In one research study (albeit dated), Hubble and Gelso (1978) reported that clients experienced less anxiety and more positive feelings toward psychotherapists who were dressed in a manner that was slightly more formal than the client’s usual attire. The take home message from this research, along with common sense, is that it’s better to err slightly on the conservative side, at least until you’re certain that dressing more casually won’t have an adverse effect on your particular client population. As a professional colleague of ours tells her students, “A client should not walk away from your session thinking too much about what you wore” (S. Patrick, personal communication, June 27, 2015).
Straight Talk about Cleavage
Although we don’t have solid scientific data upon which to base this statement, our best guess is that most people on the planet don’t engage in open conversations about cleavage. Our goal in this section is to break that norm and to encourage you to break it along with us. To start, we should confess that the whole idea of us bringing up this topic (in writing or in person) makes us feel terribly old. But we hope this choice might reflect the wisdom and perspective that comes with aging.
In recent years we’ve noticed a greater tendency for female counseling and psychology students (especially younger females) to dress in ways that might be viewed as provocative. This includes, but is not limited to, low necklines that show considerable cleavage. Among other issues, cleavage and clothing were discussed in a series of postings on the Counselor Education and Supervision (CES) listserv in 2012. The CES discussion inspired many of the following statements that follow. Please read these bulleted statements and consider discussing them as an educational activity.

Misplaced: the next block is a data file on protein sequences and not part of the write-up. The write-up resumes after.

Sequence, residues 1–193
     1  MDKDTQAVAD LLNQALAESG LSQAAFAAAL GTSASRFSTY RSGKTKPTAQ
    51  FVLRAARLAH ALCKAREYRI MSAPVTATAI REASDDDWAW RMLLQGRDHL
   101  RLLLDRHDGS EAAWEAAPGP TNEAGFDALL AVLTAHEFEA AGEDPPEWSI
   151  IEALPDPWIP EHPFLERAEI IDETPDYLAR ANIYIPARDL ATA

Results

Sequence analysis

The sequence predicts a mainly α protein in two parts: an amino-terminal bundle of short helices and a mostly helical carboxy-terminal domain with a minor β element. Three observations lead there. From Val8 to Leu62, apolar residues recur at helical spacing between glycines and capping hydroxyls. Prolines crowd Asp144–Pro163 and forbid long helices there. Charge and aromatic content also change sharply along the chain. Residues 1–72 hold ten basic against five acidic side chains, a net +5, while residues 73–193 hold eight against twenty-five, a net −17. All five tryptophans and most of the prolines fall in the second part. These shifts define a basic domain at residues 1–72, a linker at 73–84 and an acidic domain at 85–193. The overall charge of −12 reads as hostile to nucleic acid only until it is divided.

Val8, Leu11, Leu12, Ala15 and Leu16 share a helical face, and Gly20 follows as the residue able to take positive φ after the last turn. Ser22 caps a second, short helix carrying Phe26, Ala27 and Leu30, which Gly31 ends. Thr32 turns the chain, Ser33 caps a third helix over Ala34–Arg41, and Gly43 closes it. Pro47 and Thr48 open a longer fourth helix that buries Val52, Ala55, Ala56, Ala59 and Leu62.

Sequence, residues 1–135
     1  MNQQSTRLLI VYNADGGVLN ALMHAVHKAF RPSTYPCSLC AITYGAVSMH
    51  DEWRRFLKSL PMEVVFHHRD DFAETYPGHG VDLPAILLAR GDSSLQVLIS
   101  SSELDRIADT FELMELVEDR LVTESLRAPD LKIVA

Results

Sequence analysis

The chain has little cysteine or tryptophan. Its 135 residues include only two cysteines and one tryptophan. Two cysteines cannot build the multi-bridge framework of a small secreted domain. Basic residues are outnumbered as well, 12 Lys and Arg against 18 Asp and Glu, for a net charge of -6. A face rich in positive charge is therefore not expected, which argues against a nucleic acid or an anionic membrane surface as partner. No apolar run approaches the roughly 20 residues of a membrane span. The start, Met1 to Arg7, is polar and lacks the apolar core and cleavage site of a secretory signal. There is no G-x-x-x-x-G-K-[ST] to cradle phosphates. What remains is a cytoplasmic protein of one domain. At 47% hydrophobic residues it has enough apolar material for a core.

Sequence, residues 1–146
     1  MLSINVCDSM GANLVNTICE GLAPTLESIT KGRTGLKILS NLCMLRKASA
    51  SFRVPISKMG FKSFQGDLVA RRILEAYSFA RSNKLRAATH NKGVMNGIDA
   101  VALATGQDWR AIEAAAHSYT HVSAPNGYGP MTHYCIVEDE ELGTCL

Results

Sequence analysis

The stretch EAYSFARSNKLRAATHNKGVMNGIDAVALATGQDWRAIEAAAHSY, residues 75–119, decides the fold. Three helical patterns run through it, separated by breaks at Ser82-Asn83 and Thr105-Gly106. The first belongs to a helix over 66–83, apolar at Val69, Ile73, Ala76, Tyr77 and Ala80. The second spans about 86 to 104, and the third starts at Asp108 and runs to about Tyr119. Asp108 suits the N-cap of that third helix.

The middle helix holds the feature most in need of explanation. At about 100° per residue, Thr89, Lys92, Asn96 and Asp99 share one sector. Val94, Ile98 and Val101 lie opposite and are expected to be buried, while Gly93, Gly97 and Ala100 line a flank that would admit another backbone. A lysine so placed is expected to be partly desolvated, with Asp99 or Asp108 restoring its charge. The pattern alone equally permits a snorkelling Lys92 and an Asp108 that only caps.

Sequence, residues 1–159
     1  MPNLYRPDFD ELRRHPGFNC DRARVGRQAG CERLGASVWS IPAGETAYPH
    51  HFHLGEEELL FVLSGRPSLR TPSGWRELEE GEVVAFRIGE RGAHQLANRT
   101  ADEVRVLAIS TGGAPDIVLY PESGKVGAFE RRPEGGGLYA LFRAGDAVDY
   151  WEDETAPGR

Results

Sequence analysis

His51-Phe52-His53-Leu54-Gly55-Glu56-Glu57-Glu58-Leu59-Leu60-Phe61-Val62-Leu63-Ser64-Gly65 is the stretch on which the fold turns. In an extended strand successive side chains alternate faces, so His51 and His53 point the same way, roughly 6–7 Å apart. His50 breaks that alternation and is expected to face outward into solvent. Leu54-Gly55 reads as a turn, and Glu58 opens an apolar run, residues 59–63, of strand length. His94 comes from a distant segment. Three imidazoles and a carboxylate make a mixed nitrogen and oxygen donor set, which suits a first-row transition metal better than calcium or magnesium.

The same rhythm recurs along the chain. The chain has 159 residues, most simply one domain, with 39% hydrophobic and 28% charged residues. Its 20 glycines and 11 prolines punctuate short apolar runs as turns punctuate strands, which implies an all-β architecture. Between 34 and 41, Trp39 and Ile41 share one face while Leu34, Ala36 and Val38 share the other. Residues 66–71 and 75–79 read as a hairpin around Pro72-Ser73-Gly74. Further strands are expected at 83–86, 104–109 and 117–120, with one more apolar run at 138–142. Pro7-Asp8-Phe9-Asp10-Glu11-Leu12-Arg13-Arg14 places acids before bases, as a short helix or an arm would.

• Female (and male) students have the right to express themselves via how they dress and should be able to dress any way they want.
• Commenting on how women dress and making specific recommendations may be viewed as sexist.
• Agencies and institutions have some rights to establish dress codes regarding how their paid employees and volunteers dress.
• Despite egalitarian and feminist efforts to free women from the shackles of a patriarchal society, how women dress is still interpreted as having socially constructed messages that often, but not always, pertain to sex and sexuality.
• Although efforts to change socially constructed ideas about women dressing “sexy” can include activities like campus “slut-walks,” a counseling or psychotherapy session is probably not the venue for initiating a discourse on social and feminist change.